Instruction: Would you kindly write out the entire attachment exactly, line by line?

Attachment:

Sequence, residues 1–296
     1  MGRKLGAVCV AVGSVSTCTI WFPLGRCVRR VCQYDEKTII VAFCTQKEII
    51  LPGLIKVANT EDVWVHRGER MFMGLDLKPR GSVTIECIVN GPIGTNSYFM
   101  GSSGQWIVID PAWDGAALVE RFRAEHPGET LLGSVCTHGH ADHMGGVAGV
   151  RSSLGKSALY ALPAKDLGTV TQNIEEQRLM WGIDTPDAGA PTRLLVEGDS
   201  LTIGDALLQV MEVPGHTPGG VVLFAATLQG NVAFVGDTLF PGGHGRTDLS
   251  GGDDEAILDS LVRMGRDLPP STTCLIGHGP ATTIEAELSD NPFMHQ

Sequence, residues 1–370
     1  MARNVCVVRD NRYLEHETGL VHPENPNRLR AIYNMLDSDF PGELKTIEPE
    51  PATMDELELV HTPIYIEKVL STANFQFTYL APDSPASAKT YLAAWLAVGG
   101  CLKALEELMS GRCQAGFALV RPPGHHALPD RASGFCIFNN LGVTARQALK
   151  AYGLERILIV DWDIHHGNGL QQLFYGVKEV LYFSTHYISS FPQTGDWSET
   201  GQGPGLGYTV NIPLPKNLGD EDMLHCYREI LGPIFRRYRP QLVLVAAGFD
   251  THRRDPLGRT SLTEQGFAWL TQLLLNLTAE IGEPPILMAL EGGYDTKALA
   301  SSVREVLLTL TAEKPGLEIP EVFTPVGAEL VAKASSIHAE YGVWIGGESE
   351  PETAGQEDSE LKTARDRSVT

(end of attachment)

Sequence, residues 1–296
     1  MGRKLGAVCV AVGSVSTCTI WFPLGRCVRR VCQYDEKTII VAFCTQKEII
    51  LPGLIKVANT EDVWVHRGER MFMGLDLKPR GSVTIECIVN GPIGTNSYFM
   101  GSSGQWIVID PAWDGAALVE RFRAEHPGET LLGSVCTHGH ADHMGGVAGV
   151  RSSLGKSALY ALPAKDLGTV TQNIEEQRLM WGIDTPDAGA PTRLLVEGDS
   201  LTIGDALLQV MEVPGHTPGG VVLFAATLQG NVAFVGDTLF PGGHGRTDLS
   251  GGDDEAILDS LVRMGRDLPP STTCLIGHGP ATTIEAELSD NPFMHQ

Sequence, residues 1–370
     1  MARNVCVVRD NRYLEHETGL VHPENPNRLR AIYNMLDSDF PGELKTIEPE
    51  PATMDELELV HTPIYIEKVL STANFQFTYL APDSPASAKT YLAAWLAVGG
   101  CLKALEELMS GRCQAGFALV RPPGHHALPD RASGFCIFNN LGVTARQALK
   151  AYGLERILIV DWDIHHGNGL QQLFYGVKEV LYFSTHYISS FPQTGDWSET
   201  GQGPGLGYTV NIPLPKNLGD EDMLHCYREI LGPIFRRYRP QLVLVAAGFD
   251  THRRDPLGRT SLTEQGFAWL TQLLLNLTAE IGEPPILMAL EGGYDTKALA
   301  SSVREVLLTL TAEKPGLEIP EVFTPVGAEL VAKASSIHAE YGVWIGGESE
   351  PETAGQEDSE LKTARDRSVT